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Reversal of TMS-induced motor twitch by training is associated with a reduction in excitability of the antagonist muscle

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Author(s): Giacobbe Viola | Volpe Bruce | Thickbroom Gary | Fregni Felipe | Pascual-Leone Alvaro | Krebs Hermano | Edwards Dylan

Journal: Journal of NeuroEngineering and Rehabilitation (JNER)
ISSN 1743-0003

Volume: 8;
Issue: 1;
Start page: 46;
Date: 2011;
Original page

ABSTRACT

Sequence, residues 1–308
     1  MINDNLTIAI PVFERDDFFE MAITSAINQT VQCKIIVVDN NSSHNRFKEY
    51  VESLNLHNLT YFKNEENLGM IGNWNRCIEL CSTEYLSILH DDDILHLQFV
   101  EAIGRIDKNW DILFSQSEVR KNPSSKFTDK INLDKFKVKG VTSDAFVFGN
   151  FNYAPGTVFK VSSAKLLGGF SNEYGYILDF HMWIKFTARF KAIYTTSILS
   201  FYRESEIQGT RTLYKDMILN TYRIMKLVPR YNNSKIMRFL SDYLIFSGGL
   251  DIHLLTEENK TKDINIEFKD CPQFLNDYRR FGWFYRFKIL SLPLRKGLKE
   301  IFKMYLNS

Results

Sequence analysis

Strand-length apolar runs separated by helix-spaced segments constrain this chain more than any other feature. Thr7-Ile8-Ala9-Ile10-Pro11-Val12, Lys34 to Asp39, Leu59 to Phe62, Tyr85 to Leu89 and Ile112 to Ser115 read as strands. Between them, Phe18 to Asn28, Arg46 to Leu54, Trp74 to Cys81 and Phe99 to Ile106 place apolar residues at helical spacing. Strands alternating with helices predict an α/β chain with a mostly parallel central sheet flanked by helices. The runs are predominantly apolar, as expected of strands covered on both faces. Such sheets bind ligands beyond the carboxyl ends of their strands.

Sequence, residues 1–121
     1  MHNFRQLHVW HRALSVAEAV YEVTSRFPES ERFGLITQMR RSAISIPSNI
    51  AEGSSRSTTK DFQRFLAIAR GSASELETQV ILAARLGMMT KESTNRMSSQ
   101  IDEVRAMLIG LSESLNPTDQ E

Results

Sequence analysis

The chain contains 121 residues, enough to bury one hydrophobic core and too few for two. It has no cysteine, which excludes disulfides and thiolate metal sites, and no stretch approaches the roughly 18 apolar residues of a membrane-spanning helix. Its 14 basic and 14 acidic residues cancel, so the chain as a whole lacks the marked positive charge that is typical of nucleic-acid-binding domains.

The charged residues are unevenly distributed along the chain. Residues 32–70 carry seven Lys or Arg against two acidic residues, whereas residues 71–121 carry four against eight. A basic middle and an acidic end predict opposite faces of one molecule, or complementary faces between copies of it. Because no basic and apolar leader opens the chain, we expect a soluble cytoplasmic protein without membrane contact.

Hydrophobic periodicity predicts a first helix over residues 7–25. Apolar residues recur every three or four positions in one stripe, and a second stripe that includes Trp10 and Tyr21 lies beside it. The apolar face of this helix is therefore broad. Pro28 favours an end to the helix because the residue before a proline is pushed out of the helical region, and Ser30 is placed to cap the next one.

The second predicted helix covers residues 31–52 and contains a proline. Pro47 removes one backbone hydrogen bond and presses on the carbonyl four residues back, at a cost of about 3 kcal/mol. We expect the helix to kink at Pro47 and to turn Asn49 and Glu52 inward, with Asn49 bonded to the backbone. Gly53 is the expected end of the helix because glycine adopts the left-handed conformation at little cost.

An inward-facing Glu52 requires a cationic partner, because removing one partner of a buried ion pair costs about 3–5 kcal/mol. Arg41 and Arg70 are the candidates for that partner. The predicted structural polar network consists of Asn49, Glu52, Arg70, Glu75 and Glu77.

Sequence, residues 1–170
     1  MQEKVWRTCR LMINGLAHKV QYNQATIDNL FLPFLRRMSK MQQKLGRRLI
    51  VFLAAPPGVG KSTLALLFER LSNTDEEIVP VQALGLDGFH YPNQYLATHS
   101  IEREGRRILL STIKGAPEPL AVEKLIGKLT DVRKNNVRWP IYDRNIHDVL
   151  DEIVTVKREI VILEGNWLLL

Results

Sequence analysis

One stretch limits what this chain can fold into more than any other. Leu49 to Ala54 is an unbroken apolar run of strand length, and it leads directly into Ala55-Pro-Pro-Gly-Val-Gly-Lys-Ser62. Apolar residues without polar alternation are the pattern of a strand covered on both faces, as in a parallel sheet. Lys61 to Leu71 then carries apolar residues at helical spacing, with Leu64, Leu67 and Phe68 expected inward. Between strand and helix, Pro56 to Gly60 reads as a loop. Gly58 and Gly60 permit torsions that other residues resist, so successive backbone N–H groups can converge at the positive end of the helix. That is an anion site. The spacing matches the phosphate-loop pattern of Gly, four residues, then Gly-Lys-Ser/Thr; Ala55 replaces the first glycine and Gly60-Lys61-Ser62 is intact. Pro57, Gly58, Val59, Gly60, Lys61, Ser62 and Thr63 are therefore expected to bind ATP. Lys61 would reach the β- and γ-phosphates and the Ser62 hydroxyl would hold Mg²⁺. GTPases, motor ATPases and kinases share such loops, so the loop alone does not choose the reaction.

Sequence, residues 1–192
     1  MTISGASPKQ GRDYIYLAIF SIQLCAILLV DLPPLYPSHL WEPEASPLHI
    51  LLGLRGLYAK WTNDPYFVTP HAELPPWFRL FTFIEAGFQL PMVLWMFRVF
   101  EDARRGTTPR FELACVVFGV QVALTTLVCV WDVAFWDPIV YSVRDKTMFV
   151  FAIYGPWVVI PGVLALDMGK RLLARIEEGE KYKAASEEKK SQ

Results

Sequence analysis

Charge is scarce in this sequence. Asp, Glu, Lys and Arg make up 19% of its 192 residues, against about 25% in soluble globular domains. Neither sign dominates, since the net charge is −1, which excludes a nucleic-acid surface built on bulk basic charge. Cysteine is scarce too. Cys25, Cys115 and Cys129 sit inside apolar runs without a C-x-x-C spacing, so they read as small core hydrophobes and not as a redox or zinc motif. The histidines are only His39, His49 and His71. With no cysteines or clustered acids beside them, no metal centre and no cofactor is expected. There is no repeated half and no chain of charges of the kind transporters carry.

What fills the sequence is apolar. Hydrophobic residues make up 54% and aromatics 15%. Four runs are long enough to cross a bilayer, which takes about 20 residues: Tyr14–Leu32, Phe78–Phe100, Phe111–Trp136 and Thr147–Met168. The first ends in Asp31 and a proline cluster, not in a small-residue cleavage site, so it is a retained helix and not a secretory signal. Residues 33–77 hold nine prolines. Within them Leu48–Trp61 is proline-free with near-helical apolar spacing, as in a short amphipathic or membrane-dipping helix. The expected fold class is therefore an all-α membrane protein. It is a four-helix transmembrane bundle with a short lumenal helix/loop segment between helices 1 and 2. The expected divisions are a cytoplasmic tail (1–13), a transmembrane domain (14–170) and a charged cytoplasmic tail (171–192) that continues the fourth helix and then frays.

Abstract Background A single session of isolated repetitive movements of the thumb can alter the response to transcranial magnetic stimulation (TMS), such that the related muscle twitch measured post-training occurs in the trained direction. This response is attributed to transient excitability changes in primary motor cortex (M1) that form the early part of learning. We investigated; (1) whether this phenomenon might occur for movements at the wrist, and (2) how specific TMS activation patterns of opposing muscles underlie the practice-induced change in direction. Methods We used single-pulse suprathreshold TMS over the M1 forearm area, to evoke wrist movements in 20 healthy subjects. We measured the preferential direction of the TMS-induced twitch in both the sagittal and coronal plane using an optical goniometer fixed to the dorsum of the wrist, and recorded electromyographic (EMG) activity from the flexor carpi radialis (FCR) and extensor carpi radialis (ECR) muscles. Subjects performed gentle voluntary movements, in the direction opposite to the initial twitch for 5 minutes at 0.2 Hz. We collected motor evoked potentials (MEPs) elicited by TMS at baseline and for 10 minutes after training. Results Repetitive motor training was sufficient for TMS to evoke movements in the practiced direction opposite to the original twitch. For most subjects the effect of the newly-acquired direction was retained for at least 10 minutes before reverting to the original. Importantly, the direction change of the movement was associated with a significant decrease in MEP amplitude of the antagonist to the trained muscle, rather than an increase in MEP amplitude of the trained muscle. Conclusions These results demonstrate for the first time that a TMS-twitch direction change following a simple practice paradigm may result from reduced corticospinal drive to muscles antagonizing the trained direction. Such findings may have implications for training paradigms in neurorehabilitation.

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